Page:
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Fannie Mae, Freddie Mac are raising fees, toughening rules for credit scores and down payments

April 20th, 2009 7:10 AM by Lehel Szucs

Fannie Mae, Freddie Mac are raising fees, toughening rules for credit scores and down payments

Under the new guidelines, even applicants who assumed that their FICO scores would get them favorable rates will be charged more unless they can come up with down payments of 30% or higher.
By Kenneth R. Harney
February 15, 2009
Reporting from Washington -- It's not what home buyers, sellers and refinancers want to hear, but they need to know that Fannie Mae and Freddie Mac are increasing their mandatory fees and toughening credit score and down payment rules as of April 1.

Most major lenders already are pricing in the higher fees, effectively raising costs to consumers immediately.

Buyers of duplexes, in which one unit is owner-occupied and the other is rented, will be charged a flat 1% add-on from Fannie, even if they've got FICO scores above 800 and make 50% down payments. Refinancers who take cash out at settlement also will be forced to pay extra -- as much as three points if they've got low credit scores and modest equity stakes.

Both Fannie Mae and Freddie Mac say they are tacking on these fees to counter higher risks and losses associated with certain loan products, buyer equity stakes and credit scores. Declining home values in many parts of the country are intensifying losses for both companies when loans go to foreclosure.

Quasi-private enterprises until last September, Fannie and Freddie now are operating under the control of federal regulators and are bleeding billions of dollars of red ink.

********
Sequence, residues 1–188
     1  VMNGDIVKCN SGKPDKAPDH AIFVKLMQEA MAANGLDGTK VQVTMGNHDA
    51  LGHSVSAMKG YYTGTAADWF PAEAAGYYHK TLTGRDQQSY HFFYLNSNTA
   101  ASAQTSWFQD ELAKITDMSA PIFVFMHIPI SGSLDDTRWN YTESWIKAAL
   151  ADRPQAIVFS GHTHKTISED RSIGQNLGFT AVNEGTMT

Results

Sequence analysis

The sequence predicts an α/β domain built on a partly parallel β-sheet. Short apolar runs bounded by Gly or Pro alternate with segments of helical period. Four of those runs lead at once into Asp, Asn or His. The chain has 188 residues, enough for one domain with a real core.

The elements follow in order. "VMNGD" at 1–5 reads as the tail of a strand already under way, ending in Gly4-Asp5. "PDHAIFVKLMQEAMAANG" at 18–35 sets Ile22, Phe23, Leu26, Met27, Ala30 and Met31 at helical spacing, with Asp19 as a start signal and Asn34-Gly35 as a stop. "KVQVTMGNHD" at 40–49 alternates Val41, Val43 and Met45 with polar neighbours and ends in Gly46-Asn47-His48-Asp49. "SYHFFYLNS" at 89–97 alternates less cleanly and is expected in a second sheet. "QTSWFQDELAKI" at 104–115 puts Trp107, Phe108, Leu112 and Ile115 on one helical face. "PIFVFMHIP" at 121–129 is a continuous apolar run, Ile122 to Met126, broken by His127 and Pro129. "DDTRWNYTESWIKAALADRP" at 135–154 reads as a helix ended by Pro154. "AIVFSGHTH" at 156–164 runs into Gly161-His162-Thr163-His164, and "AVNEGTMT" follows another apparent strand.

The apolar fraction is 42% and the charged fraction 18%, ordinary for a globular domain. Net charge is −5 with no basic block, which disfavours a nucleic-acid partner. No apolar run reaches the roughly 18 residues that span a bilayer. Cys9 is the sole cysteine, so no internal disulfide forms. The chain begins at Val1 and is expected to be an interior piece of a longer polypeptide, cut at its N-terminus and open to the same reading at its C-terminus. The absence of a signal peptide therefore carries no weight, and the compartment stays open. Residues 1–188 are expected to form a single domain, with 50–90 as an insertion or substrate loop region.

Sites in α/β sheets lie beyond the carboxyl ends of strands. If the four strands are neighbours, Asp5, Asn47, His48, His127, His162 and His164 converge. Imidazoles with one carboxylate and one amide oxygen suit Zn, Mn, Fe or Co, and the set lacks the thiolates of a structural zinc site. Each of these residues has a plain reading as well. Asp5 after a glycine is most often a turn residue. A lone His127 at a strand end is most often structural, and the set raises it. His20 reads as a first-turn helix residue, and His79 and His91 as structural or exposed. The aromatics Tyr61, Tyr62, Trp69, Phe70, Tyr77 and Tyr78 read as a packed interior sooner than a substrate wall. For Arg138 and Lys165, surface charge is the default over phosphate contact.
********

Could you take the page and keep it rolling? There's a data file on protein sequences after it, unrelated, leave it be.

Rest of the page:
Freddie spokesman Brad German said some of the loan categories and credit risk combinations targeted in the latest round of fees "default at four to eight times" the rate of other mortgages in the company's portfolio. "We have to manage these risks appropriately," he added, and that means pricing them based on the probability of higher losses.

But realty agents, mortgage bankers and brokers are incensed at the new round of fee increases, calling them counterproductive in an environment in which housing needs help, not new impediments. They have begun lobbying Congress and the two companies' federal overseers to scrap the latest add-ons.

Charles McMillan, president of the National Assn. of Realtors, complained in a letter to the Federal Housing Finance Agency, the regulator of Fannie and Freddie, that individual fee increases were not only unjustified but in combination they could also seriously deter home purchases. McMillan said "a borrower with a credit score of 670 making a 20% down payment for a condominium would have the fee raised from 150 basis points [1.5%] to 350 basis points [3.5%] -- more than double" under Fannie Mae's new schedule.

"They're shooting themselves in the foot," said Steve Stamets, a mortgage loan officer in Rockville, Md. With substantial down payments of 20% and more, Stamets said, "they don't need to be that tough" on applicants even if home prices decline slightly more before the cycle ends.

"When consumers with 720 credit scores are being adjusted, there is something seriously wrong with the system," said Harry H. Dinham, a Dallas mortgage company owner and former president of the National Assn. of Mortgage Brokers.

As recently as two years ago, FICO scores in the upper 600s were enough to qualify any applicant for prime financing. Now scores of 720 to 740 are the bare minimum if you're going to escape add-on fees -- and still not good enough if you choose to buy a condo or a duplex.

Where's all this headed? Absent congressional intervention or new marching orders from the companies' regulator, the add-on fees are here to stay. But there's an alternative readily available for just about anyone who wants to avoid the fees: FHA mortgages, where down payments go as low as 3.5% and credit scores are not an issue for most applicants.


Distributed by the Washington Post Writers Group.
Posted in:General
Posted by Lehel Szucs on April 20th, 2009 7:10 AM



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